So, here’s the line-up. We’ve got two issues that are a little thicker than normal (think our 2017 issues) plus something new we’re trying, a Cirsova Summer Special that will showcase a few of the longer (novelette and novella) works we received.

And yes, we’ll be talking more about that first story listed in the Spring issue very soon.

Vol 2. No. 1 Spring (March)

  • Young Tarzan and the Mysterious She, by Edgar Rice Burroughs and Michael Tierney
  • Atop the Cleft of Ral-Gri, by Jeff Stoner
  • The Idol in the Sewers, by Kenneth R. Gower
  • Born to Storm the Citadel of Mettathok, by D.M. Ritzlin
  • The Book Hunter’s Apprentice, by Barbara Doran
  • How Thaddeus Quimby the Third and I Almost Took Over the World, by Gary K. Shepherd
  • Deemed Unsuitable, by W.L. Emery
  • Warrior Soul, by J. Manfred Weichsel
  • Seeds of the Dreaming Tree, by Harold R. Thompson
  • The Valley of Terzol, by Jim Breyfogle
  • The Elephant Idol, by Xavier Lastra
  • Moonshot, by Michael Wiesenberg

Cirsova Summer Special (June)

  • Bleed You Dry, by Su-Ra-U
  • The Ghost of Torreon, by Edd Vick and Manny Frishberg
  • The Bullet From Tomorrow, by Misha Burnett
  • The Star God’s Grave, by Schuyler Hernstrom
  • Halcyon, by Caroline Furlong
  • The Last Fortune of Ali al’Ahmar, by Rev. Joe Kelly

Vol 2. No. 2 Fall (September)

  • A Little Human Ingenuity, by William Huggins
  • The Burning Fish, by Jim Breyfogle
  • For I Have Felt a Fire in the Head, by Adrian Simmons
  • La Molejera, by Marie Brennan
  • Pale Moon’s Bride, Ville Meriläinen
  • Pawn to the Queen by Christine Lucas
  • People of Fire, by Jennifer Povey
  • Blue-Like-The-Sky, by Spencer E. Hart
  • Doomsday Shard, by Ken McGrath
  • Titan, by Rebecca Devendra
  • The Handover of the Scepter of Greatest Regret, by Hal Y. Zhang

In the meantime, please take a moment to support us by leaving a review of a past issue of Cirsova that you’ve enjoyed! It’s free, it helps us tremendously, and only takes a moment of your time.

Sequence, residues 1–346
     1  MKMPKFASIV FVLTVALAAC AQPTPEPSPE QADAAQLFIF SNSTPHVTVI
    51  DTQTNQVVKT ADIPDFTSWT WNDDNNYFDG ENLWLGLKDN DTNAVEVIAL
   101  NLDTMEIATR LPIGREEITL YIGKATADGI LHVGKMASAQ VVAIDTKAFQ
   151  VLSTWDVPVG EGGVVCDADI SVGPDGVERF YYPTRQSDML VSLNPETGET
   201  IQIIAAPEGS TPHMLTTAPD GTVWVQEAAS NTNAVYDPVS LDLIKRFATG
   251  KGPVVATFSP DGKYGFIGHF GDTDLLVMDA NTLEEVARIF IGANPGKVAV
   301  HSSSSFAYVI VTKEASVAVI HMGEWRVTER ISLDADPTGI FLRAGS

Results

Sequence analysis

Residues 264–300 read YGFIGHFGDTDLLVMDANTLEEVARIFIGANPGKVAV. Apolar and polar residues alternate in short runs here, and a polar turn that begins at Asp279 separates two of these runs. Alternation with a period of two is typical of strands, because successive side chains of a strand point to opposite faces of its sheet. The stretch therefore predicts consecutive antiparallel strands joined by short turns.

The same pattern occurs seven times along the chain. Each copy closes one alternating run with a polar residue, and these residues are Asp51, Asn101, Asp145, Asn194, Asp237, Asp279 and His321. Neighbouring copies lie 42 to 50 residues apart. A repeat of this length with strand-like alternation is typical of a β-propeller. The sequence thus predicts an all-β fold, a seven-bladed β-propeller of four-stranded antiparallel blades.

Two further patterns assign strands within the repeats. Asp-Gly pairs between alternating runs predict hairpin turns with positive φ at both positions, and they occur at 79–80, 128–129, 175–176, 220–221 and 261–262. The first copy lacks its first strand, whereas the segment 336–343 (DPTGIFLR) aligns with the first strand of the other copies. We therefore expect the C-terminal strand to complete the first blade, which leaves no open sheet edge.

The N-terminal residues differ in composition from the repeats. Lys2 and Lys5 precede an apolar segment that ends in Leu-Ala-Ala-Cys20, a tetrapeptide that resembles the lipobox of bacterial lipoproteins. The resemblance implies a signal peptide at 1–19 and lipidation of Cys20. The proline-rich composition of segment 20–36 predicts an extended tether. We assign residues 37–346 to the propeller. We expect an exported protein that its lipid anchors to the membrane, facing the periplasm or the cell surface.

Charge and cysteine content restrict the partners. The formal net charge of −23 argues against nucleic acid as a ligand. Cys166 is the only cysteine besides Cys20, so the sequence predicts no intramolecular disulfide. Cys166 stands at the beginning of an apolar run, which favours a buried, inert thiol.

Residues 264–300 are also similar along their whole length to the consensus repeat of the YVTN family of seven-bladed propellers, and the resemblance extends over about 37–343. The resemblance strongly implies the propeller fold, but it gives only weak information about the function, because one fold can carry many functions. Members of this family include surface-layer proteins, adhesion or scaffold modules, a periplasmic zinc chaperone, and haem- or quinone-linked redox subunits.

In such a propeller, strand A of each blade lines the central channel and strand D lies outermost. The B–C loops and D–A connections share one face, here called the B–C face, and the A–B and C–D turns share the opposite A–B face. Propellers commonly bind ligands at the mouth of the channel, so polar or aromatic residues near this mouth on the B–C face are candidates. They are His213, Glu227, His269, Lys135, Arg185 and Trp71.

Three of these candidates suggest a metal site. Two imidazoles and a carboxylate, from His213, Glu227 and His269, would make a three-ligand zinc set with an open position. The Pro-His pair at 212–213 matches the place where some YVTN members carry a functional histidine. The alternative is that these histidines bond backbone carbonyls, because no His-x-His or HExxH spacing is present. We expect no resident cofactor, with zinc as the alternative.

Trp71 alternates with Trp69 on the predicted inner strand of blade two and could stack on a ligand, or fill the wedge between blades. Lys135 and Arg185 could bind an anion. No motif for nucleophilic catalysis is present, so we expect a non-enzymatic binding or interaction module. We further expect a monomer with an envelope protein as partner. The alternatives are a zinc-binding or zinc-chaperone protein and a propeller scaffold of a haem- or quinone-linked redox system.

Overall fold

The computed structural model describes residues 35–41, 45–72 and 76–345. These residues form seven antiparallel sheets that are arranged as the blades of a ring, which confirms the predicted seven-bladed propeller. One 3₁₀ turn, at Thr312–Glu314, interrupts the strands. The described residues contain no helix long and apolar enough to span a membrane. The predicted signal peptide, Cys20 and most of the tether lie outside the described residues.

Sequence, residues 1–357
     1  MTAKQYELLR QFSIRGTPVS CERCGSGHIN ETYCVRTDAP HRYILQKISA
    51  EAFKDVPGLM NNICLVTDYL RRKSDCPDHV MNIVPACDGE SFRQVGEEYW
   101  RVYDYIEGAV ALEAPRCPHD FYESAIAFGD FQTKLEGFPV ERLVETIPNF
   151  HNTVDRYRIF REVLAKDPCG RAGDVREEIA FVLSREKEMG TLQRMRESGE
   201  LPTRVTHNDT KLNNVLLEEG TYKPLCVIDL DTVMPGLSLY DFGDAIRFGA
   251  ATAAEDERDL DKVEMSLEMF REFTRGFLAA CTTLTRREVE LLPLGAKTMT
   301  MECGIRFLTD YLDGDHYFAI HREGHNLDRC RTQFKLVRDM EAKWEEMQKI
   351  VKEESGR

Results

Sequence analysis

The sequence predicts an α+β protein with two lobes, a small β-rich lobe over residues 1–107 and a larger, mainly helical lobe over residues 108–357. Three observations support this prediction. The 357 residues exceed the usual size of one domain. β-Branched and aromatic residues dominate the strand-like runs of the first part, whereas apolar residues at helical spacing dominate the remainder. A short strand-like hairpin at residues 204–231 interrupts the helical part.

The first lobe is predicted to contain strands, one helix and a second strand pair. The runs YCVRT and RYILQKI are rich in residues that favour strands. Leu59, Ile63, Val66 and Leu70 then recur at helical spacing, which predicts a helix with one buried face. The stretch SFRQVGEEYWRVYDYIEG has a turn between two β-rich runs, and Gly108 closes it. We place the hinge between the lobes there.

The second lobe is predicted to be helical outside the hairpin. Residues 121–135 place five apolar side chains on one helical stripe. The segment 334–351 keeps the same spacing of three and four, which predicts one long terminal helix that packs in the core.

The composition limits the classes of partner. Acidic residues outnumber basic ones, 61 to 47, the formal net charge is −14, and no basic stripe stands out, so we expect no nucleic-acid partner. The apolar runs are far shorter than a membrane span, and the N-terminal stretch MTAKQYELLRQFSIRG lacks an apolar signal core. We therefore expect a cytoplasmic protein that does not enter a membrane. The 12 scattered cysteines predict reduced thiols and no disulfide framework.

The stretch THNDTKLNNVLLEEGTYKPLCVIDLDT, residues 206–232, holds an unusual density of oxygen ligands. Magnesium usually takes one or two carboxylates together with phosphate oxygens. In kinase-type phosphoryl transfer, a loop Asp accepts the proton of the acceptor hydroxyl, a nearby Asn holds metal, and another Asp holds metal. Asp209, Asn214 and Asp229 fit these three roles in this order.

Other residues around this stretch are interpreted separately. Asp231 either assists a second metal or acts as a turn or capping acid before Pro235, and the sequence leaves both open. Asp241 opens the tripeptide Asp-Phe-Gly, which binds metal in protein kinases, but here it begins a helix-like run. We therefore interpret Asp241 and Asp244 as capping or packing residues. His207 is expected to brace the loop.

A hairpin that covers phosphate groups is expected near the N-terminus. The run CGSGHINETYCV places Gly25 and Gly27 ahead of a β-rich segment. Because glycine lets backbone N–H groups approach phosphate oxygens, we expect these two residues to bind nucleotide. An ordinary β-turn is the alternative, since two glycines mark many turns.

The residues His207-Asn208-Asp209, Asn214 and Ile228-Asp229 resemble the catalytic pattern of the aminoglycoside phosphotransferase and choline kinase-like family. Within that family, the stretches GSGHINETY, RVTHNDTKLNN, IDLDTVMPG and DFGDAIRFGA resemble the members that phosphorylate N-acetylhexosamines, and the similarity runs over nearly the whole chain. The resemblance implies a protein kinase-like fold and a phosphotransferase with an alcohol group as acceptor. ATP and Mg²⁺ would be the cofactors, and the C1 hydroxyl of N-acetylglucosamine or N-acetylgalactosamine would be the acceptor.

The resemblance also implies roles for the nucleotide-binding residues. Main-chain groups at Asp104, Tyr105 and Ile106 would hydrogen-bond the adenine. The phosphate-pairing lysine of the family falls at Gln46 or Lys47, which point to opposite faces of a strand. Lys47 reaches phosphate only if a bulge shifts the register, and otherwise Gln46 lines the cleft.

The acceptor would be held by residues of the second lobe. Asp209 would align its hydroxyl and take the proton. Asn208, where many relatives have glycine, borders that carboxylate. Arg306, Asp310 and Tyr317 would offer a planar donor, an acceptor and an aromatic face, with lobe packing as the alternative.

Wild Stars & Cirsova Updates

I spent all day Saturday at The Comic Book Store, stuffing boxes.

WS 1

10 AM

WS 2

5 PM

Today, I’ll be shuttling these to the post office.

The Cirsova Kickstarter is doing mediocre–there’s no other word for it. We’ve got less than 2 weeks left, but we still need to raise $2.5k more to fund. I set a $5k goal because I wanted to actually see if we could get sustainable support after establishing a successful track record of delivering a quality product and delivering it on time. Given the success of other anthologies and magazines at this level (sometimes even vastly exceeding it), it’s not outside the realm of possible.

But hey, at least our first volume lasted longer than Skelos (given it’s $15 retail price and the fact that it crapped out after 3 issues, that $125 lifetime subscription is not looking like such a hot investment).

I don’t think it’s unpossible for us to reach our $5K goal, but please understand this is a Xanatos Gambit–

Funds: I have enough money to take submissions for 2019, and I spend days entering fulfillment for 200ish subscribers.

Doesn’t Fund: I just upload everything the way I normally do; people have to buy Cirsova from Amazon. Even with the attrition from people who backed the kickstarter but don’t end up buying on Amazon right away, people who go ahead and buy anyway will boost the issues’ Amazon profiles with sales they’d otherwise never see. I won’t take submissions for 2019, so will have some extra time for my own writing. I’ll possibly be able to bankroll a Volume 2 on the tentative success of Illustrated Stark.

So, will there be a volume 2? Will it be out in 2019? Really, that’s going to be up to our fans and readers. Stark is happening. That’s my main focus for 2019. I’ve also spoken with a couple of our other contributors about possibly putting out anthologies of their work. That would be an interesting opportunity for us to branch out as a publisher, moving beyond just a periodical fiction anthology.

Anyway, if you DO want volume 2 to pick up right away in 2019, here is where you can throw your money.

https://www.kickstarter.com/projects/1161542777/cirsova-vol-1-final-issues-9-and-10